Every year between Mother’s Day and Father’s Day, celebrations are held in court jurisdictions across the country to celebrate reunification and to highlight services available to families with children placed outside the home.
The mission of the National CASA Association is to advocate for the safety and well-being of children who have been removed from their homes due to parental abuse and neglect. Our goal with every case is for a CASA/GAL volunteer to stay paired with a child in care until that child is placed in a safe, permanent home. Whenever possible, our goal, as well as the goal of child welfare systems across the country, is to reunite children with their families. Michael Piraino recently wrote about the importance of reunification and about recognizing the efforts of those parents who are able to put their lives back on track and reunite their families.
The decision to remove a child from his or her home and parents should never be taken lightly. While a living situation may be fraught with abuse, drugs or neglect, families still maintain cultural, racial and social values that often define a child’s sense of identity.
The forced separation of child and parents is a potentially devastating moment. But when those same parents are able to overcome challenges, get their lives back on track and reunite with their children, there is cause for celebration.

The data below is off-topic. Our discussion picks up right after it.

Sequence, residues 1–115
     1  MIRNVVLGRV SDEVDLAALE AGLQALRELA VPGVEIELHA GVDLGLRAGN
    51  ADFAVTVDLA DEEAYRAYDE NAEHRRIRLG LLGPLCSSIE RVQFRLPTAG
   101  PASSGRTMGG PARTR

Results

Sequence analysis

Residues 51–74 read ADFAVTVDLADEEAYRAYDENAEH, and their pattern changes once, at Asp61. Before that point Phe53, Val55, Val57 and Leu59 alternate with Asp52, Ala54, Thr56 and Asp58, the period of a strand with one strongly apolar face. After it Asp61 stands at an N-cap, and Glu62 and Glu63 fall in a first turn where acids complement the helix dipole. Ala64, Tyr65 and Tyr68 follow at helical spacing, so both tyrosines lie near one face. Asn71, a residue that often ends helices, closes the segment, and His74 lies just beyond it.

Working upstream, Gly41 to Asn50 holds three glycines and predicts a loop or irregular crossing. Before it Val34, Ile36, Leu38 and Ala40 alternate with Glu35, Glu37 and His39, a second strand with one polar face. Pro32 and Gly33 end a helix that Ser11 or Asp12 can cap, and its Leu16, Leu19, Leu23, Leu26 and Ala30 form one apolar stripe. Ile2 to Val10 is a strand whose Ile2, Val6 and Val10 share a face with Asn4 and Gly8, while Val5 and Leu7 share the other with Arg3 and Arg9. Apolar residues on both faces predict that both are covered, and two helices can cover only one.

The sad truth is that reunification isn’t always possible, and sometimes may not even be in the best interests of a child. In these cases other permanent solutions need to be found, including kinship care or adoption.
In the many cases where reunification is possible, we must ensure that parents have access to the support and resources that will help them succeed.
When they do, we should take a moment to recognize their heroic efforts to overcome substance abuse or other challenges so they can reunite with their children, offering a safe and permanent home in which the bonds of family are strong and thriving.
Read Michael’s entire piece at the Huffington Post.